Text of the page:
Cornwall privatisation petition of 5,000 prompts debate

Anti-privatisation petition
Image caption The petition says the majority of elected members should approve the plans before they are enacted

A petition against plans to part-privatise some public services in Cornwall has prompted a full council debate after 5,000 people signed it.

Services including libraries face being run by outside companies to provide work worth £300m a year.

Councillor Andrew Wallis, who started the petition, said he "strongly believed" the proposals were "not in the best interest of Cornwall".

Cornwall Council's policy is that petitions with 5,000 names are debated.

The council has not yet commented about this specific petition.

Independent councillor Mr Wallis said: "This is not about politics, this is about Cornwall, this is about actually providing services that we have some control over and that are actually fit for purpose.

'People were away'

"I can't believe that we've actually got 5,000 signatures in three weeks, it just shows that people are really behind what we're trying to do."

The cabinet of the Conservative-Independent led unitary authority said the privatisation would be part of a "strategic partnership" and save at least £2.5m a year.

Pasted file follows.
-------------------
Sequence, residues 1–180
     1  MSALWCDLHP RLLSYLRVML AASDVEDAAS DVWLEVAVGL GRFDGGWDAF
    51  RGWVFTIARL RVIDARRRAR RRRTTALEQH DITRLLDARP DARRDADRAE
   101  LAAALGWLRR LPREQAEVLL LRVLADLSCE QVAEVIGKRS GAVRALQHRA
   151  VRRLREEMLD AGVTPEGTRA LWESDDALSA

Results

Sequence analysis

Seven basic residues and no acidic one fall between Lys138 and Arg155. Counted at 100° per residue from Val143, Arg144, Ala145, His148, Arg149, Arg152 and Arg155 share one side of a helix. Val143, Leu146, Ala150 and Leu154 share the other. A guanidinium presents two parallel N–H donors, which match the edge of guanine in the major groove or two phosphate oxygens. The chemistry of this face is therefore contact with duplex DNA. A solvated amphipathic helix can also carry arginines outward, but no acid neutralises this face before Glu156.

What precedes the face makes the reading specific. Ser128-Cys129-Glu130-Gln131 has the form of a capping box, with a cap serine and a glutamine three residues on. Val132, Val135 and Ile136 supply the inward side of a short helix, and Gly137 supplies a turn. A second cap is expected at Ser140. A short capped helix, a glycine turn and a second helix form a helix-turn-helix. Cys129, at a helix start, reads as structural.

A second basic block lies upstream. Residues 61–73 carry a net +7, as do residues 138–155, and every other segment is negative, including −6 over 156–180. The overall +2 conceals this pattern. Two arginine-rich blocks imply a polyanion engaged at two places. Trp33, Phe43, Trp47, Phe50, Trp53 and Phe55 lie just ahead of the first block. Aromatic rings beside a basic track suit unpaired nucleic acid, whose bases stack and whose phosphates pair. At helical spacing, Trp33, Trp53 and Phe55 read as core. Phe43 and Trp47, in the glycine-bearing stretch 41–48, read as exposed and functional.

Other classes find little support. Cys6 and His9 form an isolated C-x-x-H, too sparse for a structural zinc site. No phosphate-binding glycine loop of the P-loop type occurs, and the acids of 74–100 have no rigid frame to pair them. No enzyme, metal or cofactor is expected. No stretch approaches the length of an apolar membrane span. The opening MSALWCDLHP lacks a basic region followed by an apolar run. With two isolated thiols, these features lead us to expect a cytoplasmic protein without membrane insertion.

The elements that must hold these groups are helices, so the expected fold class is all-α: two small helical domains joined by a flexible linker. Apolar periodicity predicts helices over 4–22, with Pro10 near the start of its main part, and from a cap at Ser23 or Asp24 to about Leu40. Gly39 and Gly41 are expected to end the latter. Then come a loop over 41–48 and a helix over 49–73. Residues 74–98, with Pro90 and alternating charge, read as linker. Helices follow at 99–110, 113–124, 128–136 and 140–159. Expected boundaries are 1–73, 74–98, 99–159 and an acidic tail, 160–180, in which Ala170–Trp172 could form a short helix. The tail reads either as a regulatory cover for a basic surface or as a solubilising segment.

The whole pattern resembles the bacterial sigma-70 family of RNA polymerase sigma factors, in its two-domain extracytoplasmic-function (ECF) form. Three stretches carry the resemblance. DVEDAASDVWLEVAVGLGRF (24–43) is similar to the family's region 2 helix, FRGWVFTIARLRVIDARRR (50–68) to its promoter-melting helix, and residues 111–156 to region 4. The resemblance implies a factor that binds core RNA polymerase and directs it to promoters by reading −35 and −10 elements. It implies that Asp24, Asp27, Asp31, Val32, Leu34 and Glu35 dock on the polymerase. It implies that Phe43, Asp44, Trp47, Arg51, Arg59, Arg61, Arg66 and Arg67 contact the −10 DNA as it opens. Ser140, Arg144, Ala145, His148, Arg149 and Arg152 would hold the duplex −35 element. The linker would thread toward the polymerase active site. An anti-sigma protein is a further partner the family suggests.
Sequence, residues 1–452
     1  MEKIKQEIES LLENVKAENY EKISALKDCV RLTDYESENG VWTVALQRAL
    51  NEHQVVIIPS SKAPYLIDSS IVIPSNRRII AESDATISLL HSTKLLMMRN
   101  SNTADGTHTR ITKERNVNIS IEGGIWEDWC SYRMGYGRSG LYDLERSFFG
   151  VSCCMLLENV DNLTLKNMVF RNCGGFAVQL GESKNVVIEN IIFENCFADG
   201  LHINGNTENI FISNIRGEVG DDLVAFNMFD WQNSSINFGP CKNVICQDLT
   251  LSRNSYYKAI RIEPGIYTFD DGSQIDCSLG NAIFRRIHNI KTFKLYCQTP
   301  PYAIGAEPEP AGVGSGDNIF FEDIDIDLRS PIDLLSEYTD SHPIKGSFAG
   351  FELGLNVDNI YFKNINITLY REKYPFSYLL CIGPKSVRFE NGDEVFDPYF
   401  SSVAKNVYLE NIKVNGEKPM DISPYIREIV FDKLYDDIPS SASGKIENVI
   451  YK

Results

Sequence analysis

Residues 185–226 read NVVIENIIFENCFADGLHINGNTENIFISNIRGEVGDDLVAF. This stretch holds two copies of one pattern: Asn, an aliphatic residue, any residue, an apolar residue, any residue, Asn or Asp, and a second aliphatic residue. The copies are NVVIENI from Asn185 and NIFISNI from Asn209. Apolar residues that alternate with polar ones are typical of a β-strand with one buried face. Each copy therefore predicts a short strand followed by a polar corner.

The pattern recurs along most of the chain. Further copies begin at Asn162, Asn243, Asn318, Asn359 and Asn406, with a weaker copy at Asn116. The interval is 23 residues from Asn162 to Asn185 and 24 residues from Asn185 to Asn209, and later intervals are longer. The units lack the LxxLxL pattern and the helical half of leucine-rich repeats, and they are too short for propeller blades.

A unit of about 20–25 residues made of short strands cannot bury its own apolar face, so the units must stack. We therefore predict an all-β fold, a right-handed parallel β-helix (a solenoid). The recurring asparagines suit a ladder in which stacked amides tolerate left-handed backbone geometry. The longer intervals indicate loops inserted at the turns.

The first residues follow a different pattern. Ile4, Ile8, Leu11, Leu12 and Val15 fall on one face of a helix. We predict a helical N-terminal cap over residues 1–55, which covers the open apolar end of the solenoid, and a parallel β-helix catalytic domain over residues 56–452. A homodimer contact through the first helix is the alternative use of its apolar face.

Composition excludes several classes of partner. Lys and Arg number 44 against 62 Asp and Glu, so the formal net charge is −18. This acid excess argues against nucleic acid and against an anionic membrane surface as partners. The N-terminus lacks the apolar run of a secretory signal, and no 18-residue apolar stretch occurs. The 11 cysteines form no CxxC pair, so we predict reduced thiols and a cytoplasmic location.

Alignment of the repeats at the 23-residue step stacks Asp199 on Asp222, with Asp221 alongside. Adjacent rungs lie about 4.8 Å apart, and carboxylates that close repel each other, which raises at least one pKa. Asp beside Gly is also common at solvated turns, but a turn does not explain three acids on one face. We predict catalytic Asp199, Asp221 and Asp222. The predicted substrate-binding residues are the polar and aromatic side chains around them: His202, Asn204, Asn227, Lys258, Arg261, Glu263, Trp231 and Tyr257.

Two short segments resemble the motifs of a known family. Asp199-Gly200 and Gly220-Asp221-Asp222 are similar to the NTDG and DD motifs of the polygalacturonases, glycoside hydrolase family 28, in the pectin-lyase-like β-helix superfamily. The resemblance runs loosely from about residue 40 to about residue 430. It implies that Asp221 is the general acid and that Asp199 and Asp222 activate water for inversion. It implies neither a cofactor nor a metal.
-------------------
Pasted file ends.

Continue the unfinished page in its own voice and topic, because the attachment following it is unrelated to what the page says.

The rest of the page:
But the plans could also affect up to 1,000 council staff.

In September, councillors voted 46 to 29 to postpone the move, but cabinet members decided to press ahead and said the proposals could not now be reversed.

The petition, which will run until 3 December on the council website, has so far been signed by 3,932 online, with more signatures on paper petitions taking the number over the 5,000 mark.

Conservative MP George Eustice said he would welcome a new debate after the first one was held during the summer.

He said: "A lot of people were away, turn-out was incredibly low and lots of councillors abstained because they didn't have the information in front of them to make the decision and I think there is a case to have a proper debate."

More on this story

Related Internet links

The BBC is not responsible for the content of external Internet sites